‘Grey fleet drivers’ pose bigger safety risk than company car drivers
Drivers who use their own vehicle for work travel are more likely to pose a road safety risk than company car drivers, according to a new study.
Produced by Lex Autolease, the study found that ‘grey fleet drivers’ are more likely to engage in illegal behaviours while driving, including using a hand-held mobile phone or reading a map.
The survey of more than 1000 drivers also found that grey fleet drivers are more likely to drive without the correct insurance or a valid MOT, or while knowing that the vehicle needs attention.
20% of those questioned admitted to having driven while using a hand-held mobile, while 5% confessed to having driven under the influence of recreational drugs.
Iain Temperton, Road Safety GB’s director of communications, has urged businesses to “to get a grip on the grey fleet”.
Paul Coley, from Lex Autolease, said: “Aside from the clear road safety risk that this type of behaviour poses, many UK bosses are unaware that they are ultimately liable for these drivers when they’re out on the road for work purposes.”
The study also interviewed nearly 300 company decision-makers with responsibility for managing business vehicles.
33% of those surveyed believe there is no significant risk to the organisation from an employee using their own vehicle for work. 40% were not fully aware of the employer Duty of Care regulations within the Health and Safety at Work Act (1974) and how they impact the grey fleet.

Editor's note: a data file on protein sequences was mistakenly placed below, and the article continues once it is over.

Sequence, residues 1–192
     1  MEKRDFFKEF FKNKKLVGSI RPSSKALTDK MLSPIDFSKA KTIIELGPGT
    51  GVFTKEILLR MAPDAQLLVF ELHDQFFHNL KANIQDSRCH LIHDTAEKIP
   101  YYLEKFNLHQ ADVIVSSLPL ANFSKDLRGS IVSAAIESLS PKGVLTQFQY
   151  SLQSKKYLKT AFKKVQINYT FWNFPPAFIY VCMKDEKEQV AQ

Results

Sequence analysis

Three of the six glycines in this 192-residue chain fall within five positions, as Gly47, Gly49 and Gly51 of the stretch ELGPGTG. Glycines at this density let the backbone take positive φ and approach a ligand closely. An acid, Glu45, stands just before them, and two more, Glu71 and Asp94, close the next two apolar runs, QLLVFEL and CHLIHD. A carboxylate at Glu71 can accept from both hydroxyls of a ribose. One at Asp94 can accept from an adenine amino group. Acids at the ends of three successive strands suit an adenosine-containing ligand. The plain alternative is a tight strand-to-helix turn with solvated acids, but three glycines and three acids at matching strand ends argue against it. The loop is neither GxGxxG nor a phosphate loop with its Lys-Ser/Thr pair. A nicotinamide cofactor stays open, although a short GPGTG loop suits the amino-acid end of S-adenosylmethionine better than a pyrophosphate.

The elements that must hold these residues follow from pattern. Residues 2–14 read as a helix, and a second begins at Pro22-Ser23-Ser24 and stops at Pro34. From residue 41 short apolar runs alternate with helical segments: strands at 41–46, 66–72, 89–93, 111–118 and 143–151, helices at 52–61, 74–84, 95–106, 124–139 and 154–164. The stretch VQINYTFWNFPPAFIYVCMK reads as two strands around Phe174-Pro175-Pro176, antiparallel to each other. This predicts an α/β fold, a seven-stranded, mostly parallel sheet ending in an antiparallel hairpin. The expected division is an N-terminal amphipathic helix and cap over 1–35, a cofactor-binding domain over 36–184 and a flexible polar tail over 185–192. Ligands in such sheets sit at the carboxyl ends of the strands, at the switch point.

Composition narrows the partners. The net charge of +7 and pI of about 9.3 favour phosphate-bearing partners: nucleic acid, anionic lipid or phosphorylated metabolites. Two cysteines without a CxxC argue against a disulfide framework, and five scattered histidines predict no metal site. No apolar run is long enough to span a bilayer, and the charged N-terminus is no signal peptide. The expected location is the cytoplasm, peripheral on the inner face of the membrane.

Under current health and safety laws, employers owe the same duty of care to employees driving their own private vehicles for work as they do to employees who drive an organisation’s owned, leased or hired vehicles.
Paul Coley added: “According to figures from the DfT, almost 2,000 people are killed on our roads every year. Of these, it is estimated that around 25% to 30% are due to accidents involving drivers on work journeys. Employers have a legal and a moral responsibility to ensure that their drivers and vehicles meet all legal requirements.
“There are straight-forward vehicle and driver checks and health and safety policies that can be put in place to better manage a grey fleet, which will ensure a company meets its Duty of Care requirements and help to reduce the road safety risk.”
Commenting on the study, Iain Temperton said: “Employees using their own vehicles for work purposes make-up a significant volume of the daily traffic on our roads.
“We are urging businesses to get a grip on the grey fleet and to put robust policies in place to manage the risks these drivers can represent.”